Then what we do is try to customise each store to make it unique to that particular market through hero figures and mosaics. In Bondi, we have a mosaic of Sydney Harbour and the beach and we’ve got a lifesize figure of a surfer. In Doncaster in Melbourne, it’s a mosaic of a tram. We try to make each store speak to the local community. I think that’s where it gets fun and it’s a great process.
IRW: What tips would you give retailers who might be looking for an investment partner?
RF: Don’t try to sell the dream, because we’re not going to invest in dreams. Don’t say, ‘Sales are declining, but with your money, I’m going to grow sales.’ Don’t do that. Come with a more considered and realistic plan. If we come on board as an investor, what can you do? We know what we can do to drive the business, but what do you plan to do and where do you see opportunities? Is it through international growth, is it through more store rollout? Is it through improving or increasing your inventory or stock? What are the things that are holding you back from growing? It’s really just coming to us with an understanding of where you want to take the business, what can you do on the cost and revenue side, what can you do in terms of rolling out stores and what can you do in terms of growth? It has to be tangible growth, not ‘I’m going to do a better job with my range next year.’
We’re pretty rational, we’re pretty pragmatic when we look at businesses and we like to work with people who are rational and pragmatic. We are focused on bringing things back to the numbers because that’s ultimately how we make our money. We like to work with people who think that way as well, but it’s about having a clear plan of what you want to do if you come on board with us.
IRW: You’ve turned around some struggling businesses, but what makes them seem attractive to you as an investor?
RF: It might be something as simple as a brand that is working-capital constrained and simply can’t grow because they’re on the treadmill of when money goes in, and then goes straight out to fund the new product and then comes back in, and then goes back out, and they never have the capital to grow, or the in-house capabilities to help them grow either which is additional resources.
That’s the case with Ginger & Smart; what we were able to do was to free up working capital, helping with their sourcing, helping them with cost structure, and recapitalising them so that they can now look seriously at growing their stores. That was quite a good story there.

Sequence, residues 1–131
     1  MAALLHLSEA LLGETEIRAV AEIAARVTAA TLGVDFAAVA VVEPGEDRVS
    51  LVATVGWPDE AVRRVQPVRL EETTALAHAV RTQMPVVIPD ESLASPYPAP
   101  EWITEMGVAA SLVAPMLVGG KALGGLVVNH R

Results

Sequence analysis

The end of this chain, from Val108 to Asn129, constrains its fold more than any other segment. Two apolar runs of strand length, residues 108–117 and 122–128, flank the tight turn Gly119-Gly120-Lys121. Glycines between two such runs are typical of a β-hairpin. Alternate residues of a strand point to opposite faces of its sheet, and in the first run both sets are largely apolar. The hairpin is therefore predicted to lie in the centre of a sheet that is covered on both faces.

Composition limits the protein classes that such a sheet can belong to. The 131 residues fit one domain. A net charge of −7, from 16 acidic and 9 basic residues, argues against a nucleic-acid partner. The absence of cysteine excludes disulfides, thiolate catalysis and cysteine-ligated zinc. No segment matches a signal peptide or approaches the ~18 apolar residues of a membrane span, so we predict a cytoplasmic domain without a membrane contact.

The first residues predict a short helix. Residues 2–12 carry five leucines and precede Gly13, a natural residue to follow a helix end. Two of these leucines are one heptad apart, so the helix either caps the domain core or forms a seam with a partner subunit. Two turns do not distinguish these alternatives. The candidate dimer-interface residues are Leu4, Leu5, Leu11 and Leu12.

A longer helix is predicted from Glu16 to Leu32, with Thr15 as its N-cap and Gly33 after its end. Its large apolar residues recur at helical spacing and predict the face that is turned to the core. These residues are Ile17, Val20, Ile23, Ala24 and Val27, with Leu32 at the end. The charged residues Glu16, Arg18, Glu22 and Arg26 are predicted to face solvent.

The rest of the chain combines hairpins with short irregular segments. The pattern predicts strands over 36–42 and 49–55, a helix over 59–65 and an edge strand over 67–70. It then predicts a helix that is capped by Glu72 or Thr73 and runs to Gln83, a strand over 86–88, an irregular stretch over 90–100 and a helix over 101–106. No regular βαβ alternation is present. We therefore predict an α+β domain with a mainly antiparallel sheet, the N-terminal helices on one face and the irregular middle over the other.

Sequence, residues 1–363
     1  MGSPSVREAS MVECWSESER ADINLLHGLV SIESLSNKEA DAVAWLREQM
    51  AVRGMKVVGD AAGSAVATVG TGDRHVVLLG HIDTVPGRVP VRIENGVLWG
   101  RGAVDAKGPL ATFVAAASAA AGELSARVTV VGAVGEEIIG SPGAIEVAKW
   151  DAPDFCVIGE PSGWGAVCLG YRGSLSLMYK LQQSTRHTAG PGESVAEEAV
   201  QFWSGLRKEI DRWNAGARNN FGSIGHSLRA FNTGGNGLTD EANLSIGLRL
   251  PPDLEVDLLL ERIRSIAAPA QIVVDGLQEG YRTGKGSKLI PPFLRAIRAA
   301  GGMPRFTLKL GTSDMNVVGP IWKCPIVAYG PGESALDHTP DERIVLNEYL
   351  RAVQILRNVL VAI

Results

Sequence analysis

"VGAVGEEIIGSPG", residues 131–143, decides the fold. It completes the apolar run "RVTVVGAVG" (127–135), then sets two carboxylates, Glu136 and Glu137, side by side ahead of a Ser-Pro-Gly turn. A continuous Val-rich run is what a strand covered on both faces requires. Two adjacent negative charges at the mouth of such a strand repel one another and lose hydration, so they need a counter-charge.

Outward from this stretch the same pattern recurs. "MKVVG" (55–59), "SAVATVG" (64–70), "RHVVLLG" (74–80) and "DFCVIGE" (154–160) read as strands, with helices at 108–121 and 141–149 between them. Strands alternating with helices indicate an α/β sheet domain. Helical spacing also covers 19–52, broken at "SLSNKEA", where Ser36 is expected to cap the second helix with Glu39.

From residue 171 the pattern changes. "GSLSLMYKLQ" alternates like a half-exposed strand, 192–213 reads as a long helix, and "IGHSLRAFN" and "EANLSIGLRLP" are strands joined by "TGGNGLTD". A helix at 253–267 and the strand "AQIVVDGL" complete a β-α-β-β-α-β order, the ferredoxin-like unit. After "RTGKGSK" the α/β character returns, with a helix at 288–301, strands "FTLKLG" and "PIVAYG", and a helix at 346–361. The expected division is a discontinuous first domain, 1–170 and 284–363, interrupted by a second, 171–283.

In the case of something like Speciality Fashion Group, that Mosaic Brands bought last year or two years ago, that was very much about improving the gross margin through sourcing, and improving the cost of doing business through head office efficiencies.
It was very simple to see where their cost structure was, under our ownership we move them to a different cost structure, we can see their gross margin, and through outsourcing we can improve that gross margin.
So again, it’s not a one-size-fit- all approach – you have to be looking at what we can do, but it’s always got to be tangible.
We won’t invest in something where the outcome is dependent on something that we can’t control. Head office costs we can control, pricing the cost of goods we can control. Average sell price and increasing that, you can’t control that. If you put your prices up, consumers just aren’t going to shop.
So that’s harder. We all ways look at the things that we can control, the things that we can improve. The profit and loss of this business, and the value creation of this business, and it’s got to be like three things at most. If it’s 10 things, you’re never going to get them right, but if it’s just two or three, we can get them right. Again, we try to simplify it, don’t overcomplicate it and bring it back to things we can control.
Richard Facioni is speaking at Inside Retail Live February 26-27.
For more information, visit: insideretail.live.